The plan is to encourage companies to submit proposals and grant a subsidy to whatever company produces a prominent plan for the development of such a device in order to accelerate the development cycle. If practitioners and family doctors can identify signs of such diseases, it will certainly help in saving many patients in an earliest possible stage, especially among the aging population, who would otherwise prematurely degrade their quality of life. While Japanese ophthalmic devices are internationally known for their high level of precision, such advanced devices are not necessarily reaching remote locations in the country. The status of specialty medical disciplines such as ophthalmology and dentistry still lags behind.

A presentation titled “The Development of Life Science and Regenerative Medicine using Free Electron Laser” was made by Kunio Awazu, PhD, MD, of the Institute of Free Electron Laser in the Graduate School of Engineering at Osaka University (Osaka, Japan). The free electron laser is capable of continuously scanning oscillation wavelength in addition to being able to excite specific molecular vibration in selective order. As a new ionization method in mass analysis, the facility is aiming at establishing a method of analyzing refractory protein, which was conventionally difficult, by using an ultraviolet laser in the FEL/UV-MALDI method. In his experiments, Awazu succeeded in measuring mass of insoluble proteins with high molecular mass (keratin), which previously was not possible to measure. It also was shown that cholesterol ester can be selectively dissociated by irradiating MIR-FEL at 5.75 wavelength.

As a result of that success, Awazu now is aiming at developing an optical guiding hollow fiber system to deliver the laser beam for treatment of lesion inside a vessel. With a theme of “quality control of cells and tissues by means of lasers,” this research is expected to develop into regenerative medicine using FEL as one of an overall base formation toward collective control of cells and tissues in the innovative academic field chosen by the Ministry of Education, Culture, Sports and Science as Osaka University’s core project in the 21st century.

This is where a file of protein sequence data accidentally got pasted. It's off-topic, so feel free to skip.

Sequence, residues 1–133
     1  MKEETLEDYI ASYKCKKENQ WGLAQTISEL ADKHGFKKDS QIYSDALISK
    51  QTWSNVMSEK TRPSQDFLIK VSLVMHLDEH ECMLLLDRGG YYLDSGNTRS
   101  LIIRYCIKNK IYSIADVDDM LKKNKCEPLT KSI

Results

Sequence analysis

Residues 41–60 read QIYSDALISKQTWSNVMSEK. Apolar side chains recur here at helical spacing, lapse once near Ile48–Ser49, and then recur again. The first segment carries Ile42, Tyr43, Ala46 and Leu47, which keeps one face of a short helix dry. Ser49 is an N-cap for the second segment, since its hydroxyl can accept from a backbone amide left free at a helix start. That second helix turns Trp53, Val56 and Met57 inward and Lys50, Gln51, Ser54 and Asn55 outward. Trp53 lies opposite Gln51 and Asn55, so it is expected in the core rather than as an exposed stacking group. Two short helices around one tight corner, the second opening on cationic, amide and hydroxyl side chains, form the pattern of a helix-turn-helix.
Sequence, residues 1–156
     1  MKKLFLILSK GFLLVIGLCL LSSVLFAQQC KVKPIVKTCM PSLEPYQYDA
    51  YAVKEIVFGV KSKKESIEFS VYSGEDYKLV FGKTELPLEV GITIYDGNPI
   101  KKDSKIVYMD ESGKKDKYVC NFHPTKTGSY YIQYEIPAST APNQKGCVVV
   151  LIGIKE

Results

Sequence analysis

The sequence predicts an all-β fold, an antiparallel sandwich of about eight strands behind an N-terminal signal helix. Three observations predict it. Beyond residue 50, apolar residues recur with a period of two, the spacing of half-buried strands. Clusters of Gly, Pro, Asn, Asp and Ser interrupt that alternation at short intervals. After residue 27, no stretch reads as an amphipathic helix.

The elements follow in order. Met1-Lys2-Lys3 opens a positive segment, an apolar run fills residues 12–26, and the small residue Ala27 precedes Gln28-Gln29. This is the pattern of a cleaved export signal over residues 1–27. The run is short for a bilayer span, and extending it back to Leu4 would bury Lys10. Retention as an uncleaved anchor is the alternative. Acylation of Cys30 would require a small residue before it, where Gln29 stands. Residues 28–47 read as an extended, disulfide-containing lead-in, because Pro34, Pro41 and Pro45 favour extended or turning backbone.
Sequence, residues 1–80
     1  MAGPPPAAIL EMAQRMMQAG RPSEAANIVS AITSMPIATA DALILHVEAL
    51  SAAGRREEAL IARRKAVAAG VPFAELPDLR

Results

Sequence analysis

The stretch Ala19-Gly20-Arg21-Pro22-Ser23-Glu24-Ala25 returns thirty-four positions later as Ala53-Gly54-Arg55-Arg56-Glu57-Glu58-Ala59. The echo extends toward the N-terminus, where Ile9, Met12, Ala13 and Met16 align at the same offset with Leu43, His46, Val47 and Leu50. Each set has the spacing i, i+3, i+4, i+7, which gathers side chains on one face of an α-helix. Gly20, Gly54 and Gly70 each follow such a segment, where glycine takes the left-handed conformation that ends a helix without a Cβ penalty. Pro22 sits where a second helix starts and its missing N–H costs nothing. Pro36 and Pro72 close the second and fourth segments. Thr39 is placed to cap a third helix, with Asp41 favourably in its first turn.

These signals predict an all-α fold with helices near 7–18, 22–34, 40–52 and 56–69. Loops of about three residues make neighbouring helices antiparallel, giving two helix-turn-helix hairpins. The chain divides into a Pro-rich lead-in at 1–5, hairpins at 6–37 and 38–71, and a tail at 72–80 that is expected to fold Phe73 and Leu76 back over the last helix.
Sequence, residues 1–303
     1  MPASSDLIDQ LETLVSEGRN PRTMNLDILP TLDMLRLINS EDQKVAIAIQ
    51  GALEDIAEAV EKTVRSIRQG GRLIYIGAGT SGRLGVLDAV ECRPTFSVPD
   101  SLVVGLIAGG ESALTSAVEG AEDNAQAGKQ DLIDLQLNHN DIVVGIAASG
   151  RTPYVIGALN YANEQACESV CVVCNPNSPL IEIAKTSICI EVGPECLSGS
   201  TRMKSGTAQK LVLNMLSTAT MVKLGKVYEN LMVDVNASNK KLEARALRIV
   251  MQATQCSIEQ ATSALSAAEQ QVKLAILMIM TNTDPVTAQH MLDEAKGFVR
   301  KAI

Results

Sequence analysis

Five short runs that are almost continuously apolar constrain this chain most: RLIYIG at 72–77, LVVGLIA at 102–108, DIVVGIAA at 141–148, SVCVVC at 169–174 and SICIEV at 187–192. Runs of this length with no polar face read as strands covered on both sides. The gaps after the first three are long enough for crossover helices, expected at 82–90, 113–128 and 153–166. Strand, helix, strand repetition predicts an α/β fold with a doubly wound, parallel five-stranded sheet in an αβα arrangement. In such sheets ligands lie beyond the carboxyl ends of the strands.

Awazu said that this technology already is being implemented in the field of dentistry. He and his team have succeeded in hardening dentin exposed by decayed enamelum to the hardness similar to that of the enamelum by irradiating a laser beam upon the dentin, thereby restoring hardness not easily eroded by caries. A tooth consists of a dental pulp in the center where blood vessels and nerve fibers cluster and is covered by dentin and then coated by enamelum. Hydroxiapatite, a chemical compound of phosphoric acid and calcium, has a relatively high crystallization characteristic in enameline, while the crystallization of hydroxiapatite in dentin is irregular, rendering the soft tissue vulnerable to caries. The exposure of dentin, therefore, can lead to serious carious tooth problems that can lead to the loss of many teeth all at the same time.

Using a free-electron laser whose wavelength can be freely changed, the team irradiated an extracted tooth with the laser in various different wavelengths. Crystallization of hydroxiapatite in dentin has improved by instantaneous heating by the laser when laser beam in the 9 um band is irradiated and it was confirmed that a material closely resembling to enameline was created. The material also showed that it attained resistance to caries similar to enameline and proved to be effective in preventing carious tooth. The technology has a boundless market in the treatment of periodontitis, which is difficult to cure, and to control its prognosis. The 9 um wavelength is that of existing carbon dioxide gas lasers and therefore the development of the dedicated device should be relatively easy.

Ryo Sudo, PhD, and Professor Kazuo Tanisita of the Center for Life Science and Technology at Keio University (Yokohama, Japan), in collaboration with Professor Toshihiro Mitaka of the department of pathophysiology in the Cancer Research Institute at Sapporo Medical University (Sapporo, Japan), et al., reported their joint study titled “Reconstruction of Ductular Structure by Rat Biliary Epithelial Cells.” The researchers discovered that biliary epithelial cells isolated from a rat’s liver forms small ductular structure between cells. Upon removing liver cells from a biliary duct harvested from an adult rat, the billiary duct was broken into small pieces, dispersed using collagenase and hyaluronidase, and then centrifuged to isolate biliary epithelial cells.